Unraveling the mysteries of Mula Bandha
Of all the subtle, in some ways imaginary aspects to Ashtanga, Mula Bandha might be the most subtle and the most frustrating to figure out.
I pull what up where? I tighten what? Come again? You’re kidding, right?
Of course, this also means it may be the most important thing to figure out on this limb of the Ashtanga tree.
Over the weekend, David Garrigues jumped into this thorny topic. He does so by also encouraging all practitioners to incorporate yogic imagery into their practices. It is a journey into the subtle body, but one that is meant to provide concrete assistance to the very physical Ashtanga practice :
A yogic image can make the difference between utilizing the power of mula bandha or (in other words) being able to jump back or not. For a less advanced practitioner I highly encourage you to start understanding the Yogic language of imagery and for an advanced practitioner beginning to incorporate imagery into your practice will help refine and open up a whole new world of Yoga you never knew existed.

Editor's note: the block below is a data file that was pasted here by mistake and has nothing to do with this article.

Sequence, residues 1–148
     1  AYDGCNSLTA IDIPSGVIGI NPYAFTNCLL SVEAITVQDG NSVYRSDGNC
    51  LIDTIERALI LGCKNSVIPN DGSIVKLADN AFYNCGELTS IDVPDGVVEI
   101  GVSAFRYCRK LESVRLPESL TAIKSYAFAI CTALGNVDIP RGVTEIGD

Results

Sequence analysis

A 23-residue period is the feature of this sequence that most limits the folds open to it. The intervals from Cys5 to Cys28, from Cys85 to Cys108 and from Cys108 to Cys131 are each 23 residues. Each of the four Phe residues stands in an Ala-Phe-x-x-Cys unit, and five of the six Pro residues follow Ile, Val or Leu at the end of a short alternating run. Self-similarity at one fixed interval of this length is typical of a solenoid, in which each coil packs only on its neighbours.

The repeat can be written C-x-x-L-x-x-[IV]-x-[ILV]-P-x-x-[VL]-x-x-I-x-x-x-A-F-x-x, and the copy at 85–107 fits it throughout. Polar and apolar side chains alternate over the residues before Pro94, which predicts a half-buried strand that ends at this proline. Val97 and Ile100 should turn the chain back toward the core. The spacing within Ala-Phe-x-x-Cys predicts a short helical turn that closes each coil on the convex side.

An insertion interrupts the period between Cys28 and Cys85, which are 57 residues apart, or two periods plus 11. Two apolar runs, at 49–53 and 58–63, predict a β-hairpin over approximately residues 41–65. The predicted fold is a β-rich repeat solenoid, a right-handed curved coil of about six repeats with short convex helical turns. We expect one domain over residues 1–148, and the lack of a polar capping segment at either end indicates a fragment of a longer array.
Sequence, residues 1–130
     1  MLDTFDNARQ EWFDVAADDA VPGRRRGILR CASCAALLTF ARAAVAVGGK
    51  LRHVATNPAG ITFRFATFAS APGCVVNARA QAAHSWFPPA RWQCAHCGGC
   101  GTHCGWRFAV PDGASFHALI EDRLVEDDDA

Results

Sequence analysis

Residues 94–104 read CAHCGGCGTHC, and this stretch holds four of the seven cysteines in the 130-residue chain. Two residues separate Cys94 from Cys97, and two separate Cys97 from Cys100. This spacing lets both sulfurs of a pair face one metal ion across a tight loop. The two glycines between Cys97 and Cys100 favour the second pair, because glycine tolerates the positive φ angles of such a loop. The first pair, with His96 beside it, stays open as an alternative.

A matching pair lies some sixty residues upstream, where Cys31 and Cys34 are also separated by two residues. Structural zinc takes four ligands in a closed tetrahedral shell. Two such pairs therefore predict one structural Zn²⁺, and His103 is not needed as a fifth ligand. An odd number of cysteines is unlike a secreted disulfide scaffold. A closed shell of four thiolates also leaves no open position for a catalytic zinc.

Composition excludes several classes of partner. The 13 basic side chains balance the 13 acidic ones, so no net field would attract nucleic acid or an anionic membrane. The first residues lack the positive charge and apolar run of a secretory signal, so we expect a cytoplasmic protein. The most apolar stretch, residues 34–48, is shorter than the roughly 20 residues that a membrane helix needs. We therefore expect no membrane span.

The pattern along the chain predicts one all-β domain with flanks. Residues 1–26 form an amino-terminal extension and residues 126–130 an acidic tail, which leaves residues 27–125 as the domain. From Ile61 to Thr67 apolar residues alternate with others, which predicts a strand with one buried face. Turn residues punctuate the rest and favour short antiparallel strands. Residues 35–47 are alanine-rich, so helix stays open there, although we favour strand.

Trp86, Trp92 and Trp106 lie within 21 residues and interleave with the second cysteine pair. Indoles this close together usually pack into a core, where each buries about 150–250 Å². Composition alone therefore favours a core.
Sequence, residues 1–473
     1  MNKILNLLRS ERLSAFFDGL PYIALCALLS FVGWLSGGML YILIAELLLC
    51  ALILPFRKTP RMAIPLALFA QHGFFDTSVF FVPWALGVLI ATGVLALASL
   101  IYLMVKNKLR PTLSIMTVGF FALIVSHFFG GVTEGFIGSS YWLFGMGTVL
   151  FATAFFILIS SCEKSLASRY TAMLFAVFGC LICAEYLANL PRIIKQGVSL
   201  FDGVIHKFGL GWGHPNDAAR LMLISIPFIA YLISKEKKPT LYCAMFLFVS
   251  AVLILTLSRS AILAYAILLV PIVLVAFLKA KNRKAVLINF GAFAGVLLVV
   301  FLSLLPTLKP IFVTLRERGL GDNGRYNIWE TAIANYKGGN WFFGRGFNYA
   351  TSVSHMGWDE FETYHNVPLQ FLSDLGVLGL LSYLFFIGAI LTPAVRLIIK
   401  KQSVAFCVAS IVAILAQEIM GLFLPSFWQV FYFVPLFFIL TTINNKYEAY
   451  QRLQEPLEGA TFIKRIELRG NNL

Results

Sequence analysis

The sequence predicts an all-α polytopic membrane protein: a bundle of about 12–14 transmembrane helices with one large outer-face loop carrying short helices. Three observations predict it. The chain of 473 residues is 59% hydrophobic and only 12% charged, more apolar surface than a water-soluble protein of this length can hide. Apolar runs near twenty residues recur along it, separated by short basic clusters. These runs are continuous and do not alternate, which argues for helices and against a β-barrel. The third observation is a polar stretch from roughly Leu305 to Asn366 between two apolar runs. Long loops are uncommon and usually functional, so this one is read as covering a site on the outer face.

He then brings it right down to the root: Mula Bandha. He offers four different images; here’s the first, which resonates the best with me:
1) The pelvic floor carries the image of a flower known as muladhara the root support. To glimpse muladhara imagine the four corners of the pelvic floor as petals of a red lotus flower. The number four conveys completeness, a strong foundation, while the lotus conveys a deep rootedness and an upward reaching trajectory. The color red helps infuse the lotus with vitality, increases it’s ability to support you at the root and helps you to become more dynamic within the immovability of your pranayama position.
Check out his blog for the other three — one might be the key to your getting Mula Bandha down right.
Posted by Steve